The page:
Jennifer Lawrence joins a carefully chosen cast for the film adaptation of The Hunger Games. The futuristic Lord of the Flies-esque novel has such a rabid following that each character already has a fan-base. The Kids Are All Right star, Josh Hutcherson, and Thor star Chris's not-so-little brother Liam Hemsworth each vy for Lawrence's attention, while Elizabeth Banks, Lenny Kravitz, and Donald Sutherland play some of the allies and villains the young teens face. Along with director Gary Ross, the cast recently discussed the trials and tribulations of adapting such a popular novel with Buzzine's Emmanuel Itier.
Emmanuel Itier: Before you got into that movie, did you read the book? What type of apprehension did you have? Your fears, your expectations…?
Jennifer Lawrence: I had read the book, and I was a huge fan of them. I read all three of them in, like, four days. And then I found out they were making them into a movie and I met Gary Ross, who I was already a huge fan of, and we just really hit it off. And I loved everything that he was saying. I thought he was absolutely genius, and he was just gonna make these movies into something so amazing, that nobody else could make them. And all the team at Lionsgate – everybody was real a fan of the book.
EI: Was there some apprehension because of the violence, and was it a little bit of a tip-toe situation to make it intense psychologically more than gruesome visually?
JL: Nobody wanted to tip-toe around the violence. The violence and the brutality is the heart of the movie. If you water it down, then you water down the entire theme of the movie. I mean, the violence has to spark a revolution. Something horrible has to happen enough that it starts an entire uprise, and if you water that down, then you not only water down this movie, you kind of water down the theme of all of them. So none of us went into this thinking, “Let’s try to tip-toe around the violence.” It was just: how do we get the violence [laughs] with PG-13? And I think it actually ended up working in our favor because violence, in reality, is very quick. Fights last a matter of seconds. You get shot with an arrow, and you get shot and you fall and you die and it’s over very quickly. So we were forced to do that because of PG-13 and not have gregarious blood curling out of people’s necks type of thing, which I think was helpful.
EI: A lot of people compare this to the phenomenal Twilight. Do you feel that? Do you see similarities? And does that come with a little bit of fear for you because, obviously, overnight everybody’s gonna want a piece of you?
JL: Yeah, you’d be crazy not to feel scared of something like that. And they have been compared to Twilight and it makes complete sense because they’re young adult novels, they’re best-sellers, they’re being made into a film franchise – it’s completely understandable. The stories are very different.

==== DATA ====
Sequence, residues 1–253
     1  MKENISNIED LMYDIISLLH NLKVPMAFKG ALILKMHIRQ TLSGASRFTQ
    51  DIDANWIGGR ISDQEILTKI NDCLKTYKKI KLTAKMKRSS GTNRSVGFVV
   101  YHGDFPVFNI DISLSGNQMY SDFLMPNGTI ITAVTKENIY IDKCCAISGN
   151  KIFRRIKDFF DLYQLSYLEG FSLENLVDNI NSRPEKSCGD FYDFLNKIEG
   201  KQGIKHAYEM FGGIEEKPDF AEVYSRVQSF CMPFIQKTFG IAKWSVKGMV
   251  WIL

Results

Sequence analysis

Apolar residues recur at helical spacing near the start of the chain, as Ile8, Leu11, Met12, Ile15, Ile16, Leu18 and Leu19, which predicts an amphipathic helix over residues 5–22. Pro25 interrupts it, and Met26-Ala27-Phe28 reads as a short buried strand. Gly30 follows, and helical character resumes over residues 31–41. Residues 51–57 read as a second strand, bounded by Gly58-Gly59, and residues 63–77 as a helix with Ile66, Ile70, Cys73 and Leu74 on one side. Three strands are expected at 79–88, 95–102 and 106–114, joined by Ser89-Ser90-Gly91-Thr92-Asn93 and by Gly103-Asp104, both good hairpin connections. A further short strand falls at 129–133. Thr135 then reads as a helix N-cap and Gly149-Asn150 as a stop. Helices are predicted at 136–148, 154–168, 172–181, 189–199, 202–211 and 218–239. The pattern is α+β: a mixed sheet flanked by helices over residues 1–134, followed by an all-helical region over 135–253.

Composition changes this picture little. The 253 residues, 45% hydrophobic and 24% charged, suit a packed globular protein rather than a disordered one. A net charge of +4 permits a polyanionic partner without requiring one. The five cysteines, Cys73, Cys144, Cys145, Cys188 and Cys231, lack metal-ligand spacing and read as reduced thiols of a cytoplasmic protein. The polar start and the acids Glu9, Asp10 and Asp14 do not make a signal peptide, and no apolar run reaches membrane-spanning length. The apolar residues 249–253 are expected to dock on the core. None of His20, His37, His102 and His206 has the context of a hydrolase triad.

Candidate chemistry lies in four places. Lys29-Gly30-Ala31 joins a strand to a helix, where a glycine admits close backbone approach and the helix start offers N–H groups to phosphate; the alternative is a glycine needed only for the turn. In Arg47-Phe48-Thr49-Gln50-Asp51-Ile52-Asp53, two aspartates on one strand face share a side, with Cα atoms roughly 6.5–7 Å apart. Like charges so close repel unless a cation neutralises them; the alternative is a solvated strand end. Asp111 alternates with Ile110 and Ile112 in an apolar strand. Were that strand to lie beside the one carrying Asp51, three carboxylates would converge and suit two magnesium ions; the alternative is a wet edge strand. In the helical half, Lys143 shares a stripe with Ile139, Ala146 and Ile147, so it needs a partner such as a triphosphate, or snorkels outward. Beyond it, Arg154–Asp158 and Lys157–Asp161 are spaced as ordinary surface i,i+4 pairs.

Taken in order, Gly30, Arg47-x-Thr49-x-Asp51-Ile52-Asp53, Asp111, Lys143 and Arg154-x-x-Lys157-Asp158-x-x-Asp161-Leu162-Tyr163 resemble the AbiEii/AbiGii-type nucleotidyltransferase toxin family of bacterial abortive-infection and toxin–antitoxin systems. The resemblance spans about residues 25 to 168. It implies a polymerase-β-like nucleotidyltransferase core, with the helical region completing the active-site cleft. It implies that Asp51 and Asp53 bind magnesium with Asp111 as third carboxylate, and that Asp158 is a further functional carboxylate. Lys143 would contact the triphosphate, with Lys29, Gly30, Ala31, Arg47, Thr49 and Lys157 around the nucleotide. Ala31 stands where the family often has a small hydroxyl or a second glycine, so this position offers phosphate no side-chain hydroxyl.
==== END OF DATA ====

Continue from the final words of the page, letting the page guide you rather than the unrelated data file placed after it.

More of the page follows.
EI: In what way do you think this one is different? And what are, for you, the messages, the metaphors, the themes that you really enjoy playing with or talking about?
JL: I like what it says. I like that it’s a cruel reflection into humanity and what happens when we lose our sense of humanity. And we live in a world that’s obsessed with reality television and use other people’s tragedy for our entertainment, and the more tragic, the more entertaining.
EI: Do you see a lot of similarities between you and your character? Did you put a little bit of her in it? Or now that you’ve played her, do you see something that came to the surface that was maybe dormant in you?
JL: Not really. I’m very ‘don’t bring your work home with you.’ It’s all acting. I’m not actually becoming anyone, and she’s not actually becoming me. It’s all acting for me.
EI: Were there particular challenges or a particular scene that was maybe more challenging for you? And also, how do you see her progressing into the second and third movies and books?
JL: The scenes, I think, that were most difficult were honestly just the running in the woods, because it was so hot. So during the cornucopia scene and I have to sprint across a field, and it was over 100 degrees with 100% humidity, and I had to run through this field over and over again and it was so hot. And as far as her progression in the next film, she becomes stronger and wiser, and she finds herself in more danger. And she ultimately becomes a warrior and kind of a Joan of Arc.
Josh Hutcherson & Liam Hemsworth
Emmanuel Itier: Did you read the book before getting in? And what were your apprehensions, your fears, your expectations in playing these parts?
Josh Hutcherson: I read the book, so when I found out they were making the movies, I went out and read the whole series, and I was hooked on it right away. I thought that the world that Suzanne creates is so interesting, and what the characters have to go through and everything…I was just captivated throughout the entire time. So to get the opportunity to be a part of it was a no-brainer for me.
Liam Hemsworth: I’d read all three books before we started shooting, and became a fan like everyone else. They’re amazing books, and very unique, and definitely written like a movie. When I read the books, I thought, “Yes, this could definitely be a great movie.”
EI: The books are very violent, very visceral. Was there a little bit of concern, and do you think it was kind of a tip-toe balance to make it as intense but not as visual maybe?
JH: I think so. I think everybody has a different vision when they read the book of what the story is gonna look like, and yeah, it can be a bit brutal sometimes, with the violence. And it was about staying true to the story and brutality without alienating the audiences because of the goriness of it. And it was just about Gary Ross, and part of his genius came from finding that balance with all things in the movie, as far as taking the book and adapting it properly for the screen.
EI: The movie and the book, obviously, are compared a lot to the Twilight experience. Do you feel that? Do you feel it can be another Twilight, and does that come with a little bit of fear? Because you’re gonna have tons of loads of women unleashed on you…